It may come as a surprise to many to know that a generation or two back, there were some very real attacks on the Scientology religion in South Africa.
Let me talk about South Africa, where I live. In the 1970s, Freedom magazine (the investigative journal of the Church of Scientology) broke a story about slave labor camps, where black South Africans were picked up off the street for minor infractions of the law (such as not carrying a dompas, or pass book, as was required of all non-whites at the time) and incarcerated in what purported to be psych hospitals run by a company called Smith-Mitchell.
Sounds innocent enough: Smith-Mitchell. Like a firm of lawyers, or accountants. Except Smith-Mitchell was running a network of slave labor camps, paid on a per-capita basis by the apartheid government. This is pretty much how the privatized U.S. prison system is run: you get paid for every convict occupying a cell. Empty prisons make no money. So you can see right away the incentive to incarcerate—and in volume.
That was Smith-Mitchell’s business model in South Africa. Only Smith-Mitchell was going one step further: it was farming out an estimated 11,000 inmates as cheap labor to private companies. The more obstreperous were also being tamed with psych drugs and electroshock “therapy.” In fact, this is how the slave camps came to the attention of Freedom. A naked woman was found running from one of these camps, with uniformed personnel in hot pursuit. What could possibly account for this strange occurrence?
I started speaking to the inmates and asked how they ended up there. One told me he was incarcerated 16 years previously after an argument with his wife. Others couldn’t even remember why they had been locked up in the first place.
Freedom found that blacks were being hoovered up off the streets by apartheid-era police for charges such as “vagrancy” or “disturbing the peace” (which could simply mean being a black person walking down the street in a white suburb). For the very young, let me point out that apartheid (literally “separateness”) was a system which divided the country into racial groups, so that blacks and whites had their own living areas, as well as separate entrances to post offices, toilets, liquor stores and so on. Interracial marriage and sex was also prohibited. It took monumental effort to achieve this level of separation, but they managed it somehow. This system came to an end in about 1994.
Back to Smith-Mitchell. Freedom broke the story of the slave labor camps, prompting an international outcry. The World Health Organization and the United Nations Special Committee Against Apartheid investigated, as did the American Psychiatric Association, each of which slammed Smith-Mitchell for gross human rights abuses. Out of this came a Charter of Patients’ Rights, requiring informed consent and the right to refuse treatment.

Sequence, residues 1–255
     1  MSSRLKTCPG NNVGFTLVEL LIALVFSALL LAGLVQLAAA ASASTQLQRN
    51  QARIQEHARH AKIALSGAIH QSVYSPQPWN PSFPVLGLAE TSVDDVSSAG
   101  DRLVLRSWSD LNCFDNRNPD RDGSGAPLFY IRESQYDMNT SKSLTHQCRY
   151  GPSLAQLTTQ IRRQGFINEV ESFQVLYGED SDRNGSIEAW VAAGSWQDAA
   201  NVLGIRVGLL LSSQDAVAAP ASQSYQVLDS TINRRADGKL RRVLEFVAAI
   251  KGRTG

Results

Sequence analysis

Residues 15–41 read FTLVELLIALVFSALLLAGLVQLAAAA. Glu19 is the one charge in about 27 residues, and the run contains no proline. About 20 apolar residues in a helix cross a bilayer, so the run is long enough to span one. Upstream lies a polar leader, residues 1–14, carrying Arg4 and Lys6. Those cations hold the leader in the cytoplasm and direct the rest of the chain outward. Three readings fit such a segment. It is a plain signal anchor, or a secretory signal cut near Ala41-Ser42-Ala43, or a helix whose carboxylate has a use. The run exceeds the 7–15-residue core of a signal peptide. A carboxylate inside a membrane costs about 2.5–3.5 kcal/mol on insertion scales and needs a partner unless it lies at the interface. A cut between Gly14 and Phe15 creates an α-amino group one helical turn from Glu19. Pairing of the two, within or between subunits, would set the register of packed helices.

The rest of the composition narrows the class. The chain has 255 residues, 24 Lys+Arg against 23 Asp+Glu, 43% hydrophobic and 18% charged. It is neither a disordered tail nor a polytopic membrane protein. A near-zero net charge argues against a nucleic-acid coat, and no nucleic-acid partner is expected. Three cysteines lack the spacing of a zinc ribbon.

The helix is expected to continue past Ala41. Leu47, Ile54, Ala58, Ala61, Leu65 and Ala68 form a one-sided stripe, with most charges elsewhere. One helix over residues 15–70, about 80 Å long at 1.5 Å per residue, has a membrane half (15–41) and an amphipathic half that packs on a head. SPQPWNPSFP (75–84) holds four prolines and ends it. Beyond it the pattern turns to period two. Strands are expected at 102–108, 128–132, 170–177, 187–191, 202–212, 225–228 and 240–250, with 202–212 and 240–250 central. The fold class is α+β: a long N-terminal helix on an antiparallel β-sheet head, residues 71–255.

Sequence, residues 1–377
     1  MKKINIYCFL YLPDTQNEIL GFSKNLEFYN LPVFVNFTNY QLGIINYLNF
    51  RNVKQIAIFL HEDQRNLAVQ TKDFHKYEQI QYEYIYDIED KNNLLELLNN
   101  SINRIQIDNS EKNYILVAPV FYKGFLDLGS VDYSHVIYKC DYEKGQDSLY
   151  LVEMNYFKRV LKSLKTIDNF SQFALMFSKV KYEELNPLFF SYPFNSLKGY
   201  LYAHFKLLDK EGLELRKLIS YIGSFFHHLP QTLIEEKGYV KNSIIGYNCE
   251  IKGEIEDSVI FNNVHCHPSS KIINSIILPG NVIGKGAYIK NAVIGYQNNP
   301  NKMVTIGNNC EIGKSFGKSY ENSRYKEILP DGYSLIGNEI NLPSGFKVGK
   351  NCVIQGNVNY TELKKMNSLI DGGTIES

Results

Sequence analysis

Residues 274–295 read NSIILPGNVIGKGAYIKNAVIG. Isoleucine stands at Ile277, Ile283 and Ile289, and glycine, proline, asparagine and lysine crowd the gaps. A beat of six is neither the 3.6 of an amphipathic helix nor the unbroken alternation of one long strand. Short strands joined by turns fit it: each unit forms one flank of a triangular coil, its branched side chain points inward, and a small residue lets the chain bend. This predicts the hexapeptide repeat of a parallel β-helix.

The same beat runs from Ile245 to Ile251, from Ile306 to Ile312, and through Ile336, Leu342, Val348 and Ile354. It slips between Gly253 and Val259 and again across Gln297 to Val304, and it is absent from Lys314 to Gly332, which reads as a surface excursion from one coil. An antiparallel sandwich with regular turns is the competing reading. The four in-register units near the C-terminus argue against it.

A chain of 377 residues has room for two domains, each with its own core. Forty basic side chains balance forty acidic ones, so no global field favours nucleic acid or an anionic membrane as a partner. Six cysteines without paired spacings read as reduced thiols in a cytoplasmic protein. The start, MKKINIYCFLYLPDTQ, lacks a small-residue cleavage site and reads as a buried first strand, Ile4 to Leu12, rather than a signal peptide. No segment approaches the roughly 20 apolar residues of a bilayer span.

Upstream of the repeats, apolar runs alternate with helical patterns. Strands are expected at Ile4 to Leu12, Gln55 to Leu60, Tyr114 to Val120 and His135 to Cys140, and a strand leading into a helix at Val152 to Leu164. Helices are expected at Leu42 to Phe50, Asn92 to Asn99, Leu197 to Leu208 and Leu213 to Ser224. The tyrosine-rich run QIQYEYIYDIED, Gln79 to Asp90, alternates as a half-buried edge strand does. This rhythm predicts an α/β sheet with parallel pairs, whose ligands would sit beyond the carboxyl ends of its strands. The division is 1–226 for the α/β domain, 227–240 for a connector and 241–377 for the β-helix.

I know whereof I speak because I was an investigative reporter in the 1980s. I wandered into one of these camps in Randfontein, outside Johannesburg. These were supposed to be secure facilities, but the day I showed up, it just so happened there was no one to stop me, so I walked right on in. I started speaking to the inmates and asked how they ended up there. One told me he was incarcerated 16 years previously after an argument with his wife. Others couldn’t even remember why they had been locked up in the first place. Many looked spaced-out and haunted.
It was heartbreaking stuff, particularly because many of the inmates asked if I could help get them released.
Connie Mulder, onetime censor-in-chief for the apartheid government, was found to have served as a director of two of these camps in the 1960s. He was also at the center of what became known as the “Muldergate scandal” in which public funds were diverted to set up a government propaganda newspaper called The Citizen. All sorts of grubby individuals were feasting off these slave camps.
Freedom magazine’s exposés created such embarrassment for the apartheid government, that Freedom was banned outright in South Africa. It was effectively silenced. It could no longer report on apartheid atrocities, and the government went so far as to pass a law prohibiting anyone from photographing psychiatric facilities (that prohibition no longer applies, and Freedom is no longer banned).
But worse was to come. In the 1970s the government decided to launch an “inquiry” into Scientology. For the better part of six months, so-called witnesses were paraded before the inquiry which was, in effect, a vehicle for defamation. The wife or cousin of someone who had attended a Scientology course was wheeled in to broadcast whatever axe he or she might have to grind. The press regurgitated these stories for six months, and the clear aim was to ban not just Freedom, but Scientology in South Africa.
The inquiry failed miserably in its objective. Most South Africans knew by this stage that any group that so antagonized the suppressive, apartheid government must have something going for it, so they showed up at our doors in droves and wanted to know what the fuss was all about. Scientology in South Africa was always open to people of every color. It is against our code to discriminate, and we have taken some punishment for that. But, though keeping your Code of Honor is sometimes rough in a repressive society, the penalties of violating it are simply not worth it. You will carry that stain on your soul.
South Africa today is quite a different place. Race laws have been scrapped and the nation’s constitution gives us complete freedom to practice our religion. We are growing here like never before.
Black South Africans of the era described above remember where we stood in the struggle. We were with the oppressed. And always will be.